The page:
It was held during the year of the 100th anniversary of the storming of the Bastille, an event traditionally considered as the symbol for the beginning of the French Revolution. The fair included a reconstruction of the Bastille and its surrounding neighborhood, but with the interior courtyard covered with a blue ceiling decorated with fleur-de-lys and used as a ball room and gathering place.
The 1889 Exposition covered a total area of 0.96 km², including the Champ de Mars, the Trocadéro, the quai d'Orsay, a part of the Seine and the Invalides esplanade. Transport around the Exposition was partly provided by a 3 kilometre (1.9 mi) 600 millimetre (2 ft 0 in) gauge railway by Decauville. It was claimed that the railway carried 6,342,446 visitors in just six months of operation. Some of the locomotives used on this line later saw service on the Chemins de Fer du Calvados.
• 1 Structures
• 2 Attractions
• 3 Statistics
• 4 Gallery
• 5 See also
• 6 References
• 7 Resources
• 8 External links
Structures[edit source | editbeta] The main symbol of the Fair was the Eiffel Tower, which was completed in 1889, and served as the entrance arch to the Fair. The tower was constructed of wrought iron and was designed by Gustave Eiffel. The 1889 fair was built on the Champ de Mars in Paris, which had been the site of the earlier Paris Universal Exhibition of 1867, and would be the site of the 1900 exposition as well.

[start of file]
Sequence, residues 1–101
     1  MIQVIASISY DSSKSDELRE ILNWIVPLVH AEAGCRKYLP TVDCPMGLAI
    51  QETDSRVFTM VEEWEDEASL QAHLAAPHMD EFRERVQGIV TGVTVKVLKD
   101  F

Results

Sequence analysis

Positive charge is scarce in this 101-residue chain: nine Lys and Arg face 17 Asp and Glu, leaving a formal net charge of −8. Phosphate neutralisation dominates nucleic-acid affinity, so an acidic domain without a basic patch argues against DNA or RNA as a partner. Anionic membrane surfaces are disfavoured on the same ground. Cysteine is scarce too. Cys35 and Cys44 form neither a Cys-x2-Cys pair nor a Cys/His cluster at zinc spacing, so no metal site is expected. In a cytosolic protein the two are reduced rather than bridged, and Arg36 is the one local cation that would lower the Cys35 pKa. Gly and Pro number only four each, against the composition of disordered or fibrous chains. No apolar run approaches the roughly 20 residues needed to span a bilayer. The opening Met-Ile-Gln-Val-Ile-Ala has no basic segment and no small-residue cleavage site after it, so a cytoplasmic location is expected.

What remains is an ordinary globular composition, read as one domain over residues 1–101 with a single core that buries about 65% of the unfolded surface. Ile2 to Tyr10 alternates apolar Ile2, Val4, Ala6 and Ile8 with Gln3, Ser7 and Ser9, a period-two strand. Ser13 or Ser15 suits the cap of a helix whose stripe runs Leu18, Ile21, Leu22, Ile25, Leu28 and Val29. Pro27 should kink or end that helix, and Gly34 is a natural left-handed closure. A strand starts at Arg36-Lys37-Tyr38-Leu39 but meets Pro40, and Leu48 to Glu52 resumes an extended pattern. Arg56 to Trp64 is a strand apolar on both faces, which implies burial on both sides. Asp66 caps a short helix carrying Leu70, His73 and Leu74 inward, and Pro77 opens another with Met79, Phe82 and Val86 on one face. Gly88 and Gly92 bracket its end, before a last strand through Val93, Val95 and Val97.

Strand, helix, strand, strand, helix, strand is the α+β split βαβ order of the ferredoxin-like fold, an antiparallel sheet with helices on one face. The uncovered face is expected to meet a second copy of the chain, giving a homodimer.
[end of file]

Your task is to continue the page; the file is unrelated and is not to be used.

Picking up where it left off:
The fair marked the first time that visitors were allowed to go onto the yet unfinished Eiffel Tower. Though not yet completed, exhibition attendees were allowed to walk up to the second floor platform. Workers had worked through the night the day before the exhibition opened to complete the necessary construction needed to safely allow patrons to set foot upon the structure. When speaking of the dedicated workers, M.